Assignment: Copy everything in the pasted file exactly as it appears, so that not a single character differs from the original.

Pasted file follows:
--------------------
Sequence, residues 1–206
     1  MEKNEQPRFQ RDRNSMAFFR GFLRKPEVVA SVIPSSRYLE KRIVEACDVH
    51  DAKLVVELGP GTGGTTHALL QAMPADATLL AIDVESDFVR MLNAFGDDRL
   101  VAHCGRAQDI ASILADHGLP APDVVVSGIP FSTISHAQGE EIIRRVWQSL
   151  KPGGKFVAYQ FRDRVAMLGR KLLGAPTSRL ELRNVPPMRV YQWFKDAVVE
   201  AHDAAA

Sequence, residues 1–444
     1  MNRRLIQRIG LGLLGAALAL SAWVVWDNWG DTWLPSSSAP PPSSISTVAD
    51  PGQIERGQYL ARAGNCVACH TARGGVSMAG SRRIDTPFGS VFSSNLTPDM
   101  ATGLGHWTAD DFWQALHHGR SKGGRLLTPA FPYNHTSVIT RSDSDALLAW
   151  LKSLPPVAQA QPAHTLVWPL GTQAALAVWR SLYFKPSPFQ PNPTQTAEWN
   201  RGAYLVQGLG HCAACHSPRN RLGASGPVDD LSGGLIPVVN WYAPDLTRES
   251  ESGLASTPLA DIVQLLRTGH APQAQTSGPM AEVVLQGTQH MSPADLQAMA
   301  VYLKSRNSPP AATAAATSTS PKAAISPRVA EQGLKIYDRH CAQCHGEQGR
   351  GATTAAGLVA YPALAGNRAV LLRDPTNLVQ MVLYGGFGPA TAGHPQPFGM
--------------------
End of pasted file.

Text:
Sequence, residues 1–206
     1  MEKNEQPRFQ RDRNSMAFFR GFLRKPEVVA SVIPSSRYLE KRIVEACDVH
    51  DAKLVVELGP GTGGTTHALL QAMPADATLL AIDVESDFVR MLNAFGDDRL
   101  VAHCGRAQDI ASILADHGLP APDVVVSGIP FSTISHAQGE EIIRRVWQSL
   151  KPGGKFVAYQ FRDRVAMLGR KLLGAPTSRL ELRNVPPMRV YQWFKDAVVE
   201  AHDAAA

Sequence, residues 1–444
     1  MNRRLIQRIG LGLLGAALAL SAWVVWDNWG DTWLPSSSAP PPSSISTVAD
    51  PGQIERGQYL ARAGNCVACH TARGGVSMAG SRRIDTPFGS VFSSNLTPDM
   101  ATGLGHWTAD DFWQALHHGR SKGGRLLTPA FPYNHTSVIT RSDSDALLAW
   151  LKSLPPVAQA QPAHTLVWPL GTQAALAVWR SLYFKPSPFQ PNPTQTAEWN
   201  RGAYLVQGLG HCAACHSPRN RLGASGPVDD LSGGLIPVVN WYAPDLTRES
   251  ESGLASTPLA DIVQLLRTGH APQAQTSGPM AEVVLQGTQH MSPADLQAMA
   301  VYLKSRNSPP AATAAATSTS PKAAISPRVA EQGLKIYDRH CAQCHGEQGR
   351  GATTAAGLVA YPALAGNRAV LLRDPTNLVQ MVLYGGFGPA TAGHPQPFGM